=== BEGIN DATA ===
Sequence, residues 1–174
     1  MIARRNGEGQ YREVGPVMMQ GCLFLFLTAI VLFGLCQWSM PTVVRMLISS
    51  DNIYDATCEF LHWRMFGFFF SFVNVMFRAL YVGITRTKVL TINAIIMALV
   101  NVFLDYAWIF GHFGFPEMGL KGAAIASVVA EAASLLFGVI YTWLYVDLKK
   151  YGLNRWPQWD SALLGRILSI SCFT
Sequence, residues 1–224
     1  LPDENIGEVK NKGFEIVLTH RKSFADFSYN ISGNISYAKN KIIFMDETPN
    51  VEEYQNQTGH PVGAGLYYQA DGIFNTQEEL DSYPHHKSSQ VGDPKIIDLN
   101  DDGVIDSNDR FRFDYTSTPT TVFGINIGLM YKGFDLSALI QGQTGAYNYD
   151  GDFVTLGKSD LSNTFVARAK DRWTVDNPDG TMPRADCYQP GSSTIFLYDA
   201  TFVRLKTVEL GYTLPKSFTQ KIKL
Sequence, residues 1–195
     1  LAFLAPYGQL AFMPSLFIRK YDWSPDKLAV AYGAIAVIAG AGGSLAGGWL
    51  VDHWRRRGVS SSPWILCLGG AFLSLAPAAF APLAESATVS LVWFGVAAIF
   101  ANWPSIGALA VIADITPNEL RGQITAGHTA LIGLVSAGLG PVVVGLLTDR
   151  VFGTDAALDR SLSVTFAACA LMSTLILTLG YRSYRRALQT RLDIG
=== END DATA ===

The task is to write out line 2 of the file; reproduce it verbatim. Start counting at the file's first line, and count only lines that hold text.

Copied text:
     1  MIARRNGEGQ YREVGPVMMQ GCLFLFLTAI VLFGLCQWSM PTVVRMLISS